Dinosaurs Connections

From Dinosaurs to Birds

What are some of the Archaeopteryx fossils found to date?

There have been 11 actual specimens and many feathers found of the Archaeopteryx to date. Here is a list of nine discoveries made so far:

The Haarlem specimen was found near Reidenburg in 1855, five years before the feather was discovered. Because it was not known to be a fossil of an early bird, it was classified as a Pterodactylus crassipes, or pterodactyl (not even a dinosaur); in 1970, John Ostrom examined the fossil and found evidence of feathers, and thus, its true identity. It is currently at the Teylers Museum in Haarlem, the Netherlands.

The London specimen was found in 1861 near Langenaltheim. It was eventually bought by the British Museum of Natural History (under the instruction of Richard Owen) from Carl Haberlein.

The Berlin specimen was found in 1876 or 1877 near Blumenberg, and sported a complete head (although it was badly crushed). It is housed at the Humboldt Museum für Naturkunde.

The Eichstatt specimen was found in 1951 or 1955, depending on sources, and is the smallest of all the Archaeopteryx lithographica, measuring about two-thirds the size of the other specimens; it also has the most well-preserved head found so far. It had a different tooth structure and its shoulder bones are not ossified as much as the other specimens, making many scientists believe this animal is an example of a different genus. Other scientists believe that the fossil represents a juvenile Archaeopteryx lithographica, or a species from an area with different food, thus the different structures. It is currently at the Jura Museum in Eichstätt, Germany.

The Maxburg specimen was found in 1958 near the same place as the London specimen in Langenaltheim. The fossil represents the animal’s torso only and is the only specimen to be privately owned. It was found by Eduard Opitsch, who died in 1991; after his death, the specimen was found to be missing, and is thought to have been secretly sold. Thus, the whereabouts of this specimen remains a mystery today.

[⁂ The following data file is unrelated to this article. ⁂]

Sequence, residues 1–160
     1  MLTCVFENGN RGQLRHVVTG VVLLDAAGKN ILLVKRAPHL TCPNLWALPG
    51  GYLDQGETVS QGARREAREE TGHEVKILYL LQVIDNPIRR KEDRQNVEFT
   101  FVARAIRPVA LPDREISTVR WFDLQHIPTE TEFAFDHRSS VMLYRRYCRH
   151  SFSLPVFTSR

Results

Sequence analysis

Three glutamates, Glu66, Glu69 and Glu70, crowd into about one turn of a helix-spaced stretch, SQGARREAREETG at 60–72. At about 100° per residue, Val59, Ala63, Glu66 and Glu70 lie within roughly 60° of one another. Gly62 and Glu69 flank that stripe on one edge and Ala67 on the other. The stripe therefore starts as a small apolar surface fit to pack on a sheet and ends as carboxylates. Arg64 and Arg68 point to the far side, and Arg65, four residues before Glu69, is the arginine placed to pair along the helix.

The Solnhofen specimen was found in the 1960s near Eichstatt and was at first thought to be a Compsognathus. After preparing the specimen in the lab, scientists noticed that its arms were too long for its body size; they also found feathers, and so the creature joined the list of Archaeopteryx lithographica. It is currently at the Bürgermeister-Müller Museum in Solnhofen.

The Munich specimen (formerly the Solnhofen-Aktien-Verein specimen) of an Archaeopteryx has a small ossified sternum and feather impressions. Interestingly enough, it was found in 1991 and described in 1993; it is classified by some scientists as a new species: Archaeopteryx bavarica. It is currently at the Paläontologisches Museum in Munich.

The Bürgermeister-Müller specimen was uncovered in 1997. This fragmentary fossil is currently at the Bürgermeister-Müller Museum.

Finally, the Thermopolis specimen, long in a private collection, was discovered in Germany and described in 2005.


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